The Menorah Windows

Hannukkah! 🕎 The Jewish Festival of Light, a celebration of the victory of the Maccabees over the Syrians, and rededication of the holy temple in Jerusalem, where they found enough oil to last for one day, and by miracle this oil burned for eight days, giving them light and warmth. 

One of the traditions is the Hannukkiah menorah, a candelabra with eight branches plus one shamash which are lit with oil over eight days. Jewish mitzvah advises placing the menorah in front of the window, so every December menorahs illuminate the sills of homes, as a way to convey community, faith, belief, and pride. Menorahs are meant to be seen.

But in these complicated times of anti-Semitism, many Jews have described not feeling safe to place their menorahs in their windows. The last four years in the US were stained by the highest number of hate crimes in history, 54.4% toward Jews. In the Netherlands, these increased to 35% last year. The numbers may or may not grow in the years to come, but understandably, sadly, some Jews prefer to keep their wonderful celebrations within the safe spaces of their homes. We are all poorer for it.

Which is why the Menorah windows at the Liberale Joodse Gemeente synagogue are the most inspiring in the city. The synagogue, designed by SeARCH, is filled with symbolism: on its own island, it is shaped like the Temple of Solomon. The facade is studded to form the Star of David. On both sides are huge, seven-branch menorah windows, the only ones in the world. The menorah represents light, wisdom, and divine inspiration. Inside, the great Shul room can seat the largest congregation in the Netherlands. The curtains reflect the Tree of Life.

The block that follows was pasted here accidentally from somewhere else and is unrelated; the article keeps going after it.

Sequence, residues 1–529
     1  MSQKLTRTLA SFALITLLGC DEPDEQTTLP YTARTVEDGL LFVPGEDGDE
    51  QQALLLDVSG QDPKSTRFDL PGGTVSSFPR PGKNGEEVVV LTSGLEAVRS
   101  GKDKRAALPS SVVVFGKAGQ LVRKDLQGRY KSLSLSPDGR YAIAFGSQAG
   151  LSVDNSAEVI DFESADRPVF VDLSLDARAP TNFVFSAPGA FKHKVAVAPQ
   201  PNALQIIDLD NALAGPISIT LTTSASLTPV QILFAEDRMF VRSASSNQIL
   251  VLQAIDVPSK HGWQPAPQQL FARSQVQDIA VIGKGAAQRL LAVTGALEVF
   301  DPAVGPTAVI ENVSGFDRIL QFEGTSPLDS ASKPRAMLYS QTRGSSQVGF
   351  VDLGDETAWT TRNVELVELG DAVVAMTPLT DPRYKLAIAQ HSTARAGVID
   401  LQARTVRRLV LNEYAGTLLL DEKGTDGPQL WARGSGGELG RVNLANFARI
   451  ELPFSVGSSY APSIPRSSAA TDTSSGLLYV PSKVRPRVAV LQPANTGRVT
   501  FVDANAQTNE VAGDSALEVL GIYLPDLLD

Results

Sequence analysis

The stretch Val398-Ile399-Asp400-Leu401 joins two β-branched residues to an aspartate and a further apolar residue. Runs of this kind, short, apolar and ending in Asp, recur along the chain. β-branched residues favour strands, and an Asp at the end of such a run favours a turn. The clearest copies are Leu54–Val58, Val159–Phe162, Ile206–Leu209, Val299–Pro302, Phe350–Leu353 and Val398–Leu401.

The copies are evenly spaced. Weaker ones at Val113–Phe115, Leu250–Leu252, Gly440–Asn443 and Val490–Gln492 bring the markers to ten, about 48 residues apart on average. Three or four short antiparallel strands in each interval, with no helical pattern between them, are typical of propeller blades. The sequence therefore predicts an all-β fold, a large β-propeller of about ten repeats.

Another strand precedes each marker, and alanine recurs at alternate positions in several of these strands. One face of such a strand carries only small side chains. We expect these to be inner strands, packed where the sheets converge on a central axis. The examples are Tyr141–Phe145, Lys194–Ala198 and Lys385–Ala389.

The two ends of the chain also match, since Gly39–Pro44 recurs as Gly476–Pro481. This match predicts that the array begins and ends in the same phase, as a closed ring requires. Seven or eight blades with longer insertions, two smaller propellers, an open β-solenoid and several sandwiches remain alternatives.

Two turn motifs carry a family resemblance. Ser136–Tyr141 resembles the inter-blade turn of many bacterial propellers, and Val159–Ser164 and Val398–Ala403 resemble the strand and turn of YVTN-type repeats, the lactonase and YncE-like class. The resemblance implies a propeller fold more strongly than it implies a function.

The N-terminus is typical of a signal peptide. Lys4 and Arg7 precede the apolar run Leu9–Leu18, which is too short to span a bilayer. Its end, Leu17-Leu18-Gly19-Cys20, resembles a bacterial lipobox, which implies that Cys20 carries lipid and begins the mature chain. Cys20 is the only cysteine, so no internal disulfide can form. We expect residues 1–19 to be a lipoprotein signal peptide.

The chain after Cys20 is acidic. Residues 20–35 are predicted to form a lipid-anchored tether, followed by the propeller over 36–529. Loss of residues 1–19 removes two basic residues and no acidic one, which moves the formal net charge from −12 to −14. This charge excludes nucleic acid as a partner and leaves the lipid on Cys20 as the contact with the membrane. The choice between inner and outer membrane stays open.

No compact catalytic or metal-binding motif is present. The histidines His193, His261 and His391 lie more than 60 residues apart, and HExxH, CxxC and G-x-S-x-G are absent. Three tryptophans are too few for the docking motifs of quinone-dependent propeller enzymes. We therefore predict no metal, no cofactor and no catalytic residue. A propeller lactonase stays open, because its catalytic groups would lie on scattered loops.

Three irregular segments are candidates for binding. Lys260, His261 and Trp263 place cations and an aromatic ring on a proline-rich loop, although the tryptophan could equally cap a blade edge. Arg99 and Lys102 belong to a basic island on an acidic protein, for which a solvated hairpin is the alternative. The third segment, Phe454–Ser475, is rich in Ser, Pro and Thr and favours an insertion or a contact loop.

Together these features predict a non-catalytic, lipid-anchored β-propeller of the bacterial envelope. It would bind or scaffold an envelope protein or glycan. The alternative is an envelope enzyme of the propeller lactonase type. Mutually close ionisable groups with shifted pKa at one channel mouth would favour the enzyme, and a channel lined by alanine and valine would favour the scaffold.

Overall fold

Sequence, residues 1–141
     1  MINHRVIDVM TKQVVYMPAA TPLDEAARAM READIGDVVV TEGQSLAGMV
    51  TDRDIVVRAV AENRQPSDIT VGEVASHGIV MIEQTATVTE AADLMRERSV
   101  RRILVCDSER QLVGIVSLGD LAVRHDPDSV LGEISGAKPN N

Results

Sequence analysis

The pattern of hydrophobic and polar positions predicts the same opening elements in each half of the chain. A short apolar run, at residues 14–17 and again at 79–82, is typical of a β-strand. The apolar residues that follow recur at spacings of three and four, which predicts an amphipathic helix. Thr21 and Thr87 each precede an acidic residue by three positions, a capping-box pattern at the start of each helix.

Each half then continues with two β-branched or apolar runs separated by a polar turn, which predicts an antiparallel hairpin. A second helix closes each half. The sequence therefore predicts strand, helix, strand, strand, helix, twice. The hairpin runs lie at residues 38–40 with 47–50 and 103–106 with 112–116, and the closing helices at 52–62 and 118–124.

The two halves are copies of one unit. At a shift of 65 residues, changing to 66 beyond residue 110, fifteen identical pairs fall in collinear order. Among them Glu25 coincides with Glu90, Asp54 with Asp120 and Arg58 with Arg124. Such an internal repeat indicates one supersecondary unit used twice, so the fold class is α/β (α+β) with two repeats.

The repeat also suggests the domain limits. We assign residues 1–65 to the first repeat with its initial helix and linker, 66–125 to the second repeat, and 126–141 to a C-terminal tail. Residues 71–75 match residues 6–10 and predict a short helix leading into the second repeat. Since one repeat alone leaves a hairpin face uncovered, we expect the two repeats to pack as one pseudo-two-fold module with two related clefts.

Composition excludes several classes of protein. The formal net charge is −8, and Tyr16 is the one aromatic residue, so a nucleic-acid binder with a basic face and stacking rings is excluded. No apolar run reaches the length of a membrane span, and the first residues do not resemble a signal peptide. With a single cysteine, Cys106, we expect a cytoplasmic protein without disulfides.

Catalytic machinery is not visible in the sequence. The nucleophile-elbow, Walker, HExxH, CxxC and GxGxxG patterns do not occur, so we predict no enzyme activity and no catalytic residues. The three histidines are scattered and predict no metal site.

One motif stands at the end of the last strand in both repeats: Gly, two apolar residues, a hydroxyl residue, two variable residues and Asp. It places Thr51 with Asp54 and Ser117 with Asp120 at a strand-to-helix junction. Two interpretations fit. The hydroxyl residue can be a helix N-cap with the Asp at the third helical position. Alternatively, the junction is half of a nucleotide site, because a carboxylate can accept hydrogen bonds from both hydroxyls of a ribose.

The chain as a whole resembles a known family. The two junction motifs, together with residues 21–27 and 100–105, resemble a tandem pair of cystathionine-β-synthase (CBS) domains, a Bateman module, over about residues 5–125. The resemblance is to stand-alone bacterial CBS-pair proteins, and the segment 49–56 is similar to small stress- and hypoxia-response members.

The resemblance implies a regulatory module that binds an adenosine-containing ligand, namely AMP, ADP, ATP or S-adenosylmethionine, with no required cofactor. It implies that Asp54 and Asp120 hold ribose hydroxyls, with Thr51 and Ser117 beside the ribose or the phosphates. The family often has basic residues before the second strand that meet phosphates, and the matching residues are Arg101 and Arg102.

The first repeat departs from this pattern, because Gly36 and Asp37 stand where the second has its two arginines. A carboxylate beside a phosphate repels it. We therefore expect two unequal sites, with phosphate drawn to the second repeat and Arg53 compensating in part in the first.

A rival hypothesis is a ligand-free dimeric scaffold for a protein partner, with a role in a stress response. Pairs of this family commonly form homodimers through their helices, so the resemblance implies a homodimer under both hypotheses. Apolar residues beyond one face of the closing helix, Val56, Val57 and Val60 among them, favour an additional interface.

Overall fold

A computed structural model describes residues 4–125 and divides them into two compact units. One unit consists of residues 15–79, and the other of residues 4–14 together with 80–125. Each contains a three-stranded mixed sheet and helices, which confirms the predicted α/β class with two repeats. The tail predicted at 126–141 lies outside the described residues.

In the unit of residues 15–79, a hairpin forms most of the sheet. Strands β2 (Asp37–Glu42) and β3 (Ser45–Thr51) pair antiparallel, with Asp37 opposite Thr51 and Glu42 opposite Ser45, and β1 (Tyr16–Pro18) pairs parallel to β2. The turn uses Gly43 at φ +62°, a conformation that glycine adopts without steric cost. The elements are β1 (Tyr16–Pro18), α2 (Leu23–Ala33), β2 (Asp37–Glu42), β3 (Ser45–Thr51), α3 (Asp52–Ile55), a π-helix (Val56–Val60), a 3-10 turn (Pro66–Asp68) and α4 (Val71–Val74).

One facade faces West, symbol of the old generation, and the other faces East, for the new generation, to whom the LJG was gifted. It is inspiring to feel the pride and belonging from these enormous windows that say, “I am here, and this is what is in my heart.” 

As a rabbi said, “the miracle of Hannukkah was not that the vessel of oil lasted for eight days, but that they were willing to light one vessel not knowing whether it would last. The true miracle is daring to dream, and that’s the key Jewish life.” ✡️

Liberaal Joodse Gemeente Amsterdam
 Zuidelijke Wandelweg 41

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